Alright, lets get to the brass tacks and cook this thing. The marinade we use for this holiday dish is simple and adds to the already delicious pairing of bacon and scallops. The ingredients are simple, maple syrup (who saw that coming), lemon juice, minced garlic, soy sauce, and butter. I use a cast iron pan so I can caramelize the butter a bit and lock in the proper flavor.
First, add the butter and cook over medium heat until it begins to bubble & brown. Following this, add the maple syrup, soy sauce, garlic, and squeeze the lemon juice in. After a minute or two, the sauce should thicken and it's ready to brush on. It really is that easy.
The sauce may appear a bit thin, but once you coat the scallops and cook them it thickens up and adds just enough flavor to enhance both the bacon and the scallops. I would recommend cutting the butter by a third if you really want a thick sauce from the start, or simmering for 10-15 minutes longer.
How to cook bacon wrapped scallops?
A part of me wanted to lead the blog with this section, or put it in all caps to get your attention. Arguably, this is the most important consideration and step once you secure your scallops. Scallops are a notoriously quick cooking food, which can work to your advantage so long as you know this and prepare. Bacon takes much longer to cook, and if you wrap raw bacon around your scallops and cook until it looks crispy and delicious, you'll have great tasting bacon around a rubbery and overcooked scallop. Bacon masks many imperfections, but this is a bridge too far.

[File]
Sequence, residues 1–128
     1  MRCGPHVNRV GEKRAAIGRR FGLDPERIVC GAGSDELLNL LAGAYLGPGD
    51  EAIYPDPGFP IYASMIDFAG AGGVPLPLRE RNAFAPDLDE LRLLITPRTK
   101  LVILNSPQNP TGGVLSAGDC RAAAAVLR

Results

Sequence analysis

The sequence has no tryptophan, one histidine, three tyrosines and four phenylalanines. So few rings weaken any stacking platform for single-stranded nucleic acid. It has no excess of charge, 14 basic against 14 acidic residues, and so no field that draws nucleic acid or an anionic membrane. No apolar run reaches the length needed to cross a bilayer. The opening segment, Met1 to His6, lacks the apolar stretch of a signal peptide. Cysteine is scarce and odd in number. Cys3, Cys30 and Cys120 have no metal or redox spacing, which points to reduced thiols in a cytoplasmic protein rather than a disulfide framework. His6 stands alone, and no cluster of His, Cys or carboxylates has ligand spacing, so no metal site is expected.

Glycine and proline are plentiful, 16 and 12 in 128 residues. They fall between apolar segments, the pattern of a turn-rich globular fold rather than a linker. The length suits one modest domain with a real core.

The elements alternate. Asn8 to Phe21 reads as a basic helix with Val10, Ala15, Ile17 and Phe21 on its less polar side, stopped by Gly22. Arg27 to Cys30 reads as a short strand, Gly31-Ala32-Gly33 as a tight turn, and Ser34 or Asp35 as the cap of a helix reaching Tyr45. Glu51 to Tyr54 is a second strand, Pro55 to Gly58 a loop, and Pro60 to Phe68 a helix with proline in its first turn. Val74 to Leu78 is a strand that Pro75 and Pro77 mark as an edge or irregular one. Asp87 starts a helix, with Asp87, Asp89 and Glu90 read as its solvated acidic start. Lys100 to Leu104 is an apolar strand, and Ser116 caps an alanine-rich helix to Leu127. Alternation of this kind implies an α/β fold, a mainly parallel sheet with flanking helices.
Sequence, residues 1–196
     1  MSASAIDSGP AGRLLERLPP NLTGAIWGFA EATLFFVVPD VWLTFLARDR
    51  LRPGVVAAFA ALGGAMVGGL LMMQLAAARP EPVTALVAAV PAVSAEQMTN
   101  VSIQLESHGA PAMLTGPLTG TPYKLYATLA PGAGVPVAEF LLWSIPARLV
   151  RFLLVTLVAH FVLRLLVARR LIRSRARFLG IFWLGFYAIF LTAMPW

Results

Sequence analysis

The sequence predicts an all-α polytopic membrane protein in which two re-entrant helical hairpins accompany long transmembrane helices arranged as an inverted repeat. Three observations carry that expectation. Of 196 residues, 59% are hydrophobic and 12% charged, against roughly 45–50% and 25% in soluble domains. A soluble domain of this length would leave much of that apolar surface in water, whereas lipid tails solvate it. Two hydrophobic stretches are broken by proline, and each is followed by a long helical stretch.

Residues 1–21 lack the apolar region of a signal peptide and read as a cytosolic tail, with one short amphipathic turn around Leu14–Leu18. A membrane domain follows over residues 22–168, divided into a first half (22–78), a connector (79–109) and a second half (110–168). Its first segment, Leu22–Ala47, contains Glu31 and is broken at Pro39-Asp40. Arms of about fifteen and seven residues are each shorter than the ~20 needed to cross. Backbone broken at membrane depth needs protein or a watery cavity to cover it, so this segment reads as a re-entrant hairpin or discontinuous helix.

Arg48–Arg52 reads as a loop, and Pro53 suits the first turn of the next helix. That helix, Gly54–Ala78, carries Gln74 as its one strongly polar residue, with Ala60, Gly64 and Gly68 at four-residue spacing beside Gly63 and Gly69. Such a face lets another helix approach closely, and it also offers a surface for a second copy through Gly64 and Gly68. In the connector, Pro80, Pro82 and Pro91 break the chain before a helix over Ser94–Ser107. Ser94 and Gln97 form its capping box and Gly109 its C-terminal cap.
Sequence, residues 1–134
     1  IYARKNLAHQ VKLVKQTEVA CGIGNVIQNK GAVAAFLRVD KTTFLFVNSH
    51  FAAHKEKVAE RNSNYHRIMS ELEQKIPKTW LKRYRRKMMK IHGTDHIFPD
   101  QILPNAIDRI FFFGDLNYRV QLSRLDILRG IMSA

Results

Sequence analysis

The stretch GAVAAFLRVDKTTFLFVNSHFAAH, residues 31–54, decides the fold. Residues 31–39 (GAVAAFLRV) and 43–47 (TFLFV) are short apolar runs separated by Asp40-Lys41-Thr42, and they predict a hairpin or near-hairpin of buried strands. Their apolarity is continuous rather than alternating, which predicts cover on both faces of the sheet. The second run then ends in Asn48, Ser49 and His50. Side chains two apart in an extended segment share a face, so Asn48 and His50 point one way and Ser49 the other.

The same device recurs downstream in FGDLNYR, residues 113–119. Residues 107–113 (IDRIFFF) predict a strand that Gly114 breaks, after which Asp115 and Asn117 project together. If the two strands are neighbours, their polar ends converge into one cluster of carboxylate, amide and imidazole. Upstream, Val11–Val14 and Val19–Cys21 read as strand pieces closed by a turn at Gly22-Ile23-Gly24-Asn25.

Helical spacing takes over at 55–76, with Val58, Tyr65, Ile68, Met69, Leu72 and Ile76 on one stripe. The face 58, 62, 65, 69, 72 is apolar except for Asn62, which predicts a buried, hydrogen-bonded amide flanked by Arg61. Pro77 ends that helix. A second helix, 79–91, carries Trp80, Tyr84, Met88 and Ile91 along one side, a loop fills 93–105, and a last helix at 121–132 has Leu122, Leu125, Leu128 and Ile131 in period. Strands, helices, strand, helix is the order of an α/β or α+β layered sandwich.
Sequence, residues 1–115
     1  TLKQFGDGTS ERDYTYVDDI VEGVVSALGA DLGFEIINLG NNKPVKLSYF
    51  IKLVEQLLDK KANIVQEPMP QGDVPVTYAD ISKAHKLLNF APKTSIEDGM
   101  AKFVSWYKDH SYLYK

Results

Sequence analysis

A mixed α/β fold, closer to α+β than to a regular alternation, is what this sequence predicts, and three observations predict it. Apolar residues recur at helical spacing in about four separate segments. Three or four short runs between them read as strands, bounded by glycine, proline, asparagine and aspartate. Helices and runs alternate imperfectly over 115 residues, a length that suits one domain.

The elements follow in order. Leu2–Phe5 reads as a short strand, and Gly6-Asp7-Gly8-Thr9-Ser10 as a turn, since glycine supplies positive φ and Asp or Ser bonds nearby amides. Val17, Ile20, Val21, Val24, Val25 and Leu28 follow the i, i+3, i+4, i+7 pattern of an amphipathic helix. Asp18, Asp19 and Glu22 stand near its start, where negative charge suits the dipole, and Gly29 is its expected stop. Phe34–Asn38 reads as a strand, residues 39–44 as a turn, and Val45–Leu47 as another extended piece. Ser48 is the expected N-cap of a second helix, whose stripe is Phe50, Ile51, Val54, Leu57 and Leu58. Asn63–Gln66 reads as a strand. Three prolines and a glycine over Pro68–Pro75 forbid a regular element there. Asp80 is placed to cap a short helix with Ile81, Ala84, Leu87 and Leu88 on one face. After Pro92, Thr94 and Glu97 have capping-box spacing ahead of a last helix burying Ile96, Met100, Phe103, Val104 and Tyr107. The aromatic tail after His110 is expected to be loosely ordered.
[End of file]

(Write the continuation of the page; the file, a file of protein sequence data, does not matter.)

My recommendation is to par cook the bacon on a baking sheet in the oven at 425 degrees F for 10-13 minutes. Cooking times vary depending on thickness, so pay attention. What you're looking for is bacon that is 2/3 to 3/4's of the way cooked depending on how you prefer your bacon at the end. I do 3/4's because I like nice crispy bacon.
Following this, measure and see how much of each slice of bacon is required to wrap around each scallop. If you're lucky, half a slice will do and you won't need to cook as much. Have no fear though, if you have a bunch of left over pieces because you bought large scallops, bacon stores great in the refrigerator, and you can have BLT's the next day.
The next step is to figure out how you're going to secure them together, I use toothpicks, but a skewer will do the job as well. I opt for the individual toothpicks because it saves me from mangling the beautiful looking scallop trying to remove the skewer when I go to plate them. Someone with more dexterous hands than me might see otherwise, though.
Once secured, brush them generously with the marinade and place them in the oven to bake at 425F for 12 minutes. You're looking for the scallops to go solid white in appearance from the translucent they started. Don't be afraid to test one at 12 minutes and see how they look inside, I can't help myself from doing this, I'm the one cooking so I make the rules.
Maple Glazed Bacon Wrapped Scallops Recipe
- 1 lb. of 20/30 count scallops
- 1 lb. package of bacon
- 3 tablespoons of Amber Rich Taste real maple syrup
- 3 tablespoons of butter (salted or unsalted, your choice)
- Juice from half of a squeezed lemon, or 1 and a half tablespoons of juice
- 1 tablespoon of soy sauce
- 2 to 4 cloves of minced garlic (we always go heavy)
- Parsley for garnish.
- Par-cook your bacon on a baking sheet at 425F for 10-13 minutes until about 75% cooked.
- Heat your pan to medium-high heat, add your butter until it melts, and stir gently for about 3-5 minutes until the butter begins to brown.
- Add maple syrup, minced garlic, lemon, and soy sauce while stirring for about 1 to 2 minutes. Remove from heat.
- Pat your scallops dry gently in prep for wrapping them.
- Cut your par-cooked bacon in half and get to work wrapping the scallops and securing them with the toothpick.
- Arrange on a baking sheet with at least a half inch between each scallop.
- Generously coat the scallops with your prepared marinade.
- Bake at 425F for 12 minutes until scallops are solid white.
- Plate, and garnish with parsley and slices of lemon!